Curated by Allen Frame

May 4 – May 11, 2024

Opening Reception:
Saturday, May 4, 2024
6:00-8:00 pm

Call Everything Something* presents work by six artists from the Pratt Photography MFA class of 2024: Rachel Handlin, Ethan Li, Chloe Scout Nix, Erin O’Flynn, Kunwar Prithvi Singh Rathore, and Lena Smart.

Rachel Handlin has devoted herself to making large-format portraits of other Down syndrome college graduates around the world, traveling from Peru to Ireland in the process. She also creates self-portraits as boldly emphatic steel sculptures, featuring silhouettes of herself in different contexts, from standing with her camera to doing pushups on a mat. Self-portraits have become a rite of passage for many photographers, but self-portraits in action are rare; her pushup piece recalls Eadweard Muybridge’s experiments with his own figure in motion.

Erin O’Flynn finds elegantly minimal ways to express concerns about the perils of nuclear contamination and industrial waste. She connects the banality of cold, functional forms and textures like chain link fencing and industrial filters with the natural environment growing around them. “Willow,” for instance, is a perforated steel sculpture that is hand bent into a corrugated form, with an image screen-printed onto it of a willow tree found in the Emergency Planning Zone around Indian Point Nuclear Power Plant.

Ethan Li offers a cityscape typology, but the architecture of the built environments that interest him appears incongruous, like futuristic invention, yet actually exists. With their mostly bold, primary colors, the tall structures brazenly occupy the environment without sensitivity to scale and context. Li imagines their monumentality as a dystopian idolatry, stark evidence of the religion of commerce.

In her intimate, figurative images, Chloe Scout Nix finds a new way to talk about familial interdependence without casting it as dysfunction. Gesture is key, through the choreography of bodies and limbs; she suggests a playful semiotics of belonging and adoring. A pet dog is hoisted atop a pair of feet and steadied by a disembodied hand. Two backs, side by side, imply kinship, one marked by a tattoo that reads “pure,” the other dotted by a few moles, the expanse of flesh a shared topographic landscape.

Kunwar Prithvi Singh Rathore takes a psychoanalytic plunge into the primal, creating connections between the absence of love in childhood with the anonymity of sex in the era of app hookups. His male figures are naked, conflating raw emotion with exposed flesh, as he juxtaposes the innocence of childhood depicted in family pictures with the objectifying gaze of sexual fantasy. At home in India, he makes posed portraits of his father and brother in traditional clothing as a contrast to the forensic depictions of his New York lovers.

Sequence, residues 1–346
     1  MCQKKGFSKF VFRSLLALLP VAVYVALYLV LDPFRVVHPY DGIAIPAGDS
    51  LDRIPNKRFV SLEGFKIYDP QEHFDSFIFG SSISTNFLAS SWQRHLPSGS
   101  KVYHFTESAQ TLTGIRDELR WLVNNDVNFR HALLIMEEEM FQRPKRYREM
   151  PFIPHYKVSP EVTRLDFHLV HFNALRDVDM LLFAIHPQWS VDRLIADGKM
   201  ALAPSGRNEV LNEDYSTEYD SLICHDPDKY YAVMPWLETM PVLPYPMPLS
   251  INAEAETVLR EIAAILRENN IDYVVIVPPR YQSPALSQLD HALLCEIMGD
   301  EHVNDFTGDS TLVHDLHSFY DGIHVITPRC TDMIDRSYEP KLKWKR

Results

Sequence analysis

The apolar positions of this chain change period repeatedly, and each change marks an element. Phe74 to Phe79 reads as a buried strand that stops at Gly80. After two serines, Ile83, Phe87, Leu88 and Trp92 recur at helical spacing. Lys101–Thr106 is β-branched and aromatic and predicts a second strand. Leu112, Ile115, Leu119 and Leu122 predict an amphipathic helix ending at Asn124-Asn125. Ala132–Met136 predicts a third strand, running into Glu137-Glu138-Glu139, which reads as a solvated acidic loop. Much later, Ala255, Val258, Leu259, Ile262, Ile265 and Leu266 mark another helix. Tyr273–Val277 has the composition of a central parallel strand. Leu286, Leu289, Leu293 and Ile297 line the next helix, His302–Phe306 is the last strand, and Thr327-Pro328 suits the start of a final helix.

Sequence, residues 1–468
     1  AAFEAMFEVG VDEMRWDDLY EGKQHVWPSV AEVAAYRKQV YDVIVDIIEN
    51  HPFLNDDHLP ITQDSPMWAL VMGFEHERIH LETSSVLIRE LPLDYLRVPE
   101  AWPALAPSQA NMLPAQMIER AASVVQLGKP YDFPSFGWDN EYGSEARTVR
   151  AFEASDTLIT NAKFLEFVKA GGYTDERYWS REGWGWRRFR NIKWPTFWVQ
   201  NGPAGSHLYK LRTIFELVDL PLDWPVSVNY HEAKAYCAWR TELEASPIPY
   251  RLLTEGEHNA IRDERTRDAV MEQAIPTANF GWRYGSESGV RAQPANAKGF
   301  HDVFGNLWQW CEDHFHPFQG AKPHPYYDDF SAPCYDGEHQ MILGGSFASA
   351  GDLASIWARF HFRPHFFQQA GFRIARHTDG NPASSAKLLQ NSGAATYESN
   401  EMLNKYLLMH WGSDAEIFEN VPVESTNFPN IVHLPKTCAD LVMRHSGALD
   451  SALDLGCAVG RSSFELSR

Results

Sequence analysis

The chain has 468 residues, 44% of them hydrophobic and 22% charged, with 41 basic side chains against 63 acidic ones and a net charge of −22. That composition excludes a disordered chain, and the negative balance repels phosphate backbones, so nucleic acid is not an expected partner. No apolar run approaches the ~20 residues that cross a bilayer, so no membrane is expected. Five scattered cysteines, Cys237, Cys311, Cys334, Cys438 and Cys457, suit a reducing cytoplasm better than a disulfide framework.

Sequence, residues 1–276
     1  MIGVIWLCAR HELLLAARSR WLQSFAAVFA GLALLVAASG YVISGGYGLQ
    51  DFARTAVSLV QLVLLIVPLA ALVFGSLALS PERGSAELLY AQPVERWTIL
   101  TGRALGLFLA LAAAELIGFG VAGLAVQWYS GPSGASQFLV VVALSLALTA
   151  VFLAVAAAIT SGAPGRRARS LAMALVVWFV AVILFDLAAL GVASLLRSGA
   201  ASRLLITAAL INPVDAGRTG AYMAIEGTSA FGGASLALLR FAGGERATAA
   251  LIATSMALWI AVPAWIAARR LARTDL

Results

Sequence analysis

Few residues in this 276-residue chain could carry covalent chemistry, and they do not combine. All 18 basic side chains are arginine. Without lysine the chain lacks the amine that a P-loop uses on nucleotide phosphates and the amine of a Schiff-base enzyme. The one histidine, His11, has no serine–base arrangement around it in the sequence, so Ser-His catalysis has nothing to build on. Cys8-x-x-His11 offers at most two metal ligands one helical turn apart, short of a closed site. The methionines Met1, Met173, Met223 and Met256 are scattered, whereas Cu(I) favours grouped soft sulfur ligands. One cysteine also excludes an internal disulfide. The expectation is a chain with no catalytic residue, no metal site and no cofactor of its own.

Lena Smart situates the human figure alongside details of domestic architecture, looking at two kinds of support, structural and psychological. Using images of herself, her brother and parents, she juxtaposes the architectural with the personal, letting the sculptural subtleties of gesture offer glimpses into intergenerational dynamics, creating a space in between that hums with a perfectly controlled, taut tension.

The urge to identify things that exist in the world—photography as index—was a mainstay motivation of photographers until fairly recently. As fine art photography began to claim a bigger space in the realm of painting and sculpture, and the medium extended itself into film, video, and installation, it moved past explicit delineations and categories into a more ambiguous and abstract form, even as digital technology and social media outlets threatened to overwhelm the medium. The compulsion to “call everything something” is still a driving force, but artists find new ways to complicate the naming and deepen the apprehension.

call everything something
or face a vast ineptitude.

—From “Wittgenstein in the Palisades,” a poem by Maya C. Popa from her collection, American Faith, Sarabande Books, 2019.

Allen Frame is a photographer and writer whose recent book of photography, Whereupon, was published by Palermo Publishing. His work is represented by Gitterman Gallery and he teaches photography at Pratt Institute, the School of Visual Arts, International Center of Photography, and for Strudelmedia.

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